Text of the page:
The excited shouts and laughter of third graders filled the halls of Charter Oak Church as students from four area school districts gathered Wednesday to learn from local health care professionals and community members at the annual Latrobe Area Hospital Aid Society Children’s Health Fair.

The event, which began in 1984, was halted during the first two years of the pandemic but returned last year. Some of the sessions are new or reimagined versions of older sessions. There’s been an added focus on mental health and stress management since the advent of covid, said Jan Mills, event co-chair.

Groups of students from the Greater Latrobe, Derry Area and Ligonier Valley districts and the Valley School of Ligonier are guided through 12 eight-minute activity stations that promote learning on health, safety and wellness topics.

The event is intended to “give kids an insight into healthy living,” said Lorraine Burd of the Latrobe Area Hospital Aid Society.

The group volunteers at and raises funds to support Excela Health Latrobe Hospital.

Students received a goodie bag of items related to the educational stations at the end of the day. The hands-on learning style of the sessions helps engage kids with health topics they might not learn about in class, Burd said.

“It may get touched on in school, but this may be just a different atmosphere, that they see it in a different manner,” Burd said.

“We rebooted and created new stations, and it’s wonderful,” she said. “The whole theme is ‘Healthy is Happy,’ trying to promote health and well-being, safety and preventative health.”

As an event, the fair also serves as outreach to make students aware of community resources.

“It’s very active. There’s a balance of presentations, but also hands-on learning and activity,” Mills said. “There’s a sense of community, to know that there’s lots of people out in the community that care about them, that are cheering for them and that are in their balcony supporting them that they have yet to meet.”

Stations of learning

In one room, students learned yoga poses and strung the exercises together to make a story. In another, they practiced proper hand signals to tell drivers and pedestrians when they are turning or stopping on their bicycle. First responders gave students a tour of an ambulance and gave advice about how to call 911 in an emergency.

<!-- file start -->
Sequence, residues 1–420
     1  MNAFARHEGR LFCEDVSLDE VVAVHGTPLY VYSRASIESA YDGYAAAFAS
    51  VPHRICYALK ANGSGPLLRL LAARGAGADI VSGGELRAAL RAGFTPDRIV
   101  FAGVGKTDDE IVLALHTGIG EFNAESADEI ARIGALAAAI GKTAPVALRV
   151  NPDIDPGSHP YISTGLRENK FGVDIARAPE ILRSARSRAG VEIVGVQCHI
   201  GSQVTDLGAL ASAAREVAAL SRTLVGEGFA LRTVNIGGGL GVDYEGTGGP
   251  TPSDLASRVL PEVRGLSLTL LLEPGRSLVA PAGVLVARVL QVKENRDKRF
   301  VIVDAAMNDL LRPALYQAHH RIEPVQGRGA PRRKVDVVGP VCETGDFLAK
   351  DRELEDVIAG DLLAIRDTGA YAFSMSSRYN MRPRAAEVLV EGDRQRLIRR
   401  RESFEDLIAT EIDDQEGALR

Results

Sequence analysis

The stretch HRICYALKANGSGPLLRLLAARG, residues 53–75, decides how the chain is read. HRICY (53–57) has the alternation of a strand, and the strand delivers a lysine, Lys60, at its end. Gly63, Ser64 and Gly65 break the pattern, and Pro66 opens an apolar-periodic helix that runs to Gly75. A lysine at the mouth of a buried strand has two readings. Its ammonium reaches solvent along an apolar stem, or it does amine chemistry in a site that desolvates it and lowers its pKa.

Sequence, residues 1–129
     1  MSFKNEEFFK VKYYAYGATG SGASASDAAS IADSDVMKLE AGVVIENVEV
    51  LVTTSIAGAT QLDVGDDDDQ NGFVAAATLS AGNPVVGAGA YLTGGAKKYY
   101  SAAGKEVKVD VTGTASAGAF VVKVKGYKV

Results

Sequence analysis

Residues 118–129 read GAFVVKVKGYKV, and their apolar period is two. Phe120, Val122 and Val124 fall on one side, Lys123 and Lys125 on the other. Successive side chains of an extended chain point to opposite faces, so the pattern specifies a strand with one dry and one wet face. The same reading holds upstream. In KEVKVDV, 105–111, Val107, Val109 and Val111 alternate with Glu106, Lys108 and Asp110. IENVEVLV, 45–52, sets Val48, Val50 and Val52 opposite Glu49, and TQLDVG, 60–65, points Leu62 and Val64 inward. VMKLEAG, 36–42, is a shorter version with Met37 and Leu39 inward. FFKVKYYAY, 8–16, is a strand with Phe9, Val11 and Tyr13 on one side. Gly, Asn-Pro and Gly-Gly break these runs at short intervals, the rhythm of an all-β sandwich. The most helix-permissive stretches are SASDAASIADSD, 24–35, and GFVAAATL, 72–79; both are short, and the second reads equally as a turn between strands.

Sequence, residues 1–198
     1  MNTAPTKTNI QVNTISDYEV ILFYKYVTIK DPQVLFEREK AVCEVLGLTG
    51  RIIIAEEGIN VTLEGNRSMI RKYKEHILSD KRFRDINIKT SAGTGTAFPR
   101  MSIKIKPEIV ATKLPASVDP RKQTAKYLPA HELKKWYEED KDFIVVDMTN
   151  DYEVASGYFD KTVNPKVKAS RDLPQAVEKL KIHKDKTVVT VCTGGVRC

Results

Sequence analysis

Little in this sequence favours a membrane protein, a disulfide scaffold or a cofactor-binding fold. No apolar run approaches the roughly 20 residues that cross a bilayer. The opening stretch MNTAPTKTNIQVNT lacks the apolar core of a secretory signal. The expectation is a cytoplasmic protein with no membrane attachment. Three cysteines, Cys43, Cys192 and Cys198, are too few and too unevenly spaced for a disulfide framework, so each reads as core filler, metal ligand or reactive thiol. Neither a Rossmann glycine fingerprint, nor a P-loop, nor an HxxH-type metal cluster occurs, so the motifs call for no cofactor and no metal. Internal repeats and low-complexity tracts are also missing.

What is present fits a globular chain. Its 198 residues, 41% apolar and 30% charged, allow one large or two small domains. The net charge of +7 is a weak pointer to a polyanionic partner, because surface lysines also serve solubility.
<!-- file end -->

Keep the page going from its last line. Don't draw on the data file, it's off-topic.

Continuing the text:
In an outdoor session, LAHAS volunteer Laura Rhodes taught kids about “summer safety,” giving tips on how to avoid ticks and demonstrating proper use of flotation devices if they see someone struggling to swim.

“We want to teach them to wear their personal flotation devices, or life jackets, and also, that they need to get help, swim with a lifeguard and swim with other people, and never jump in to save somebody,” Rhodes said, saying drowning is a common cause of death for kids. “They need to throw something to them, so we have a ring toss out there with the ring buoy.”

Orthodontist Dr. Bruce Matthews and staff members from his office taught kids facts about dental hygiene and invited them to complete a crossword puzzle of tooth-related vocabulary. His station has been part of the fair for the past 32 years.

“I enjoy it. I enjoy talking with them and explaining to them about dental health and how it’s important to brush your teeth,” he said. “You can see they’re really smart. They pretty much know all the answers, so somebody’s doing a good job out there.”

Chad Krehlik, principal of Mountain View Elementary in Greater Latrobe, said last year’s version of the event was his first time attending. It left a big impression, he said.

“I thought it was an outstanding event,” he said. “I think, for the students, exposing them to the various careers that are available in the health field, it’s a wonderful community connection. Anytime we’re talking community and bringing people together and what’s available here in our students’ backyards and in their homes, it’s just a tremendous opportunity for them to be able to connect with the adults that are here to help serve our students.”

Shawna Kantz, a teacher in Derry Area School District, watched as students learned about accessibility aids such as Braile and mobility aids such as wheelchairs at a ‘Respecting Others’ station. She said her class is a big fan of the event.

“The students love this field trip. We’ve been coming for years,” she said. “They get lessons on how to be healthy, how to be safe, what to do in an emergency. They’ll go back, and they’ll talk all about it.”

Julia Maruca is a Tribune-Review staff writer. You can contact Julia at

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